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less than 3 ounces and costs only a few American dollars. That fact, combined with their delayed-action potential, fostered the perception that they could be used offensively, as inexpensive and efcient means of controlling the movement of populations, terrorising them, emptying the countryside, creating refugee ows and literally crippling the opposing forces. What took a World War II battalion all day to put in place now took a matter of minutes. Laos and Cambodia saw the rst large-scale attempts to scatter mines at random; by 1979, when the Soviet Union invaded Afghanistan, landmines had become a standard offensive weapon, distributed as scatterables with ease over wide areas by artillery, rocket or plane. Mines soon became big business. While accurate gures remain difcult to obtain, by the mid-1990s there were some 50 different models, manufactured by around 100 companies in at least 48 different countries; the principal producers and exporters were the United States, Italy, Germany, China, Egypt, Singapore, and Pakistan. The consequent ease with which landmines could be procured, especially by cash-starved armies, made their use a standard feature of uncivil wars, with macabre consequences. In Kurdistan, more than half of the total expenditure on health still goes on treating and caring for the victims of mines. In Cambodia, there are reportedly more than 30,000 amputees in a population of 8 million. As elsewhere, more than half of the victims are boys and girls blown up while engaged in the rural tasks they have always performed taking ocks to graze pastures, collecting water and rewood or while playing. In the early days of the war in Soviet-occupied Afghanistan, playful children, before they knew better, were even attracted to the small, brightly painted, air-delivered mines, nicknamed butteries or green parrots. During the 1990s, before the American overthrow of the Taliban government, an estimated 10 million unexploded mines littered the country, destroying a good part of its irrigation system and, consequently, the populations self-sufciency in food. In Angola, where uncivil war raged for more than three decades, famine spread through districts too heavily mined to be cultivated. And in war-ravaged Mozambique,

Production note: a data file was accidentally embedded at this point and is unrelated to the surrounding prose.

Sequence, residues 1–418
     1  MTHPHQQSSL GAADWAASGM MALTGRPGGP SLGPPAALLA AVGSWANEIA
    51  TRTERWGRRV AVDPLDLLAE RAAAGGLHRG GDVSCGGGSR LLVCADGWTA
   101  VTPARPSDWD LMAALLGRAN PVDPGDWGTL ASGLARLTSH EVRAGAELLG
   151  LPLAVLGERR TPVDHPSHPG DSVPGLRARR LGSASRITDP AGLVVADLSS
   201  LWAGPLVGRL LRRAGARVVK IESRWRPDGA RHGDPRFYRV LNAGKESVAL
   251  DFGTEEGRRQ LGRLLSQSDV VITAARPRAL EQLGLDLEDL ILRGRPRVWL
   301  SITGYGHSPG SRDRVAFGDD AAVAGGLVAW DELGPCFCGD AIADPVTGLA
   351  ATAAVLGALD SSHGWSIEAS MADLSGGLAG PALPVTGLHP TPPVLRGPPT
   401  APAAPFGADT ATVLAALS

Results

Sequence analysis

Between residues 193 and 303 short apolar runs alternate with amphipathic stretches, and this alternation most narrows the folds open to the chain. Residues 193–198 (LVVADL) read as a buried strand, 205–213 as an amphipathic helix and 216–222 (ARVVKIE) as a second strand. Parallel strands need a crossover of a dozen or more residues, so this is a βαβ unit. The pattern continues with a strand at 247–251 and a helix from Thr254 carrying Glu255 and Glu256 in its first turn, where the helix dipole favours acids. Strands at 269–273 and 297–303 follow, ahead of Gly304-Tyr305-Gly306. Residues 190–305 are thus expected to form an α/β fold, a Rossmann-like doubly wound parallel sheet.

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repeated mining and counter-mining by both Frelimo government and Renamo forces paralysed transport systems, permanently severed the countrys electricity power supplies, forcibly prevented more than 2 million refugees from returning to their homes, and destroyed the tourist industry by killing large numbers of elephants and other wild life in the contaminated game parks. Landmines kill and maim citizens. They also choke off the possible future growth of a civil society with a good measure of civility. Landmines can lie dormant for up to two or three decades before being detonated by a child at play, an elderly civilian strolling at dusk or a household pig fattening itself on local elds. The wounds they inict are ruinous. The shock wave from an exploding landmine often destroys blood vessels well up the leg, forcing surgeons to amputate much higher than the site of the primary wound. Landmines also cause secondary infections by driving dirt, clothing, bacteria, metal and plastic fragments into the bodys tissues. Survivors of mine explosions suffer intense physical pain. Their livelihoods are frequently lost. Households are confronted with severe nancial stress caused by the substantial costs of treatment and rehabilitation, loss of the victims earnings, and the long-term costs of supporting an unproductive relative. In areas prickling with mines, especially in rural areas, citizens must either learn to live with mines, working their elds as best they can, risking death each day, or abandon their homes to live safely elsewhere, thereby depopulating the local area and weakening the basis of social solidarity. Clearing mines is no easy job. Landmines may come cheap, but their average cost of safe removal is somewhere between $300 and $1,000 each a ratio frightening in its implications for a world in which per capita income is often less than that, and in which there are roughly 100 million uncleared mines, and in which mines are still being laid worldwide far faster than they are being removed. The effective banning of their production, export, stockpiling and deployment is nowhere in sight a depressing symptom of which is the UNs Landmines Protocol of 1983, which feebly attempted to regulate their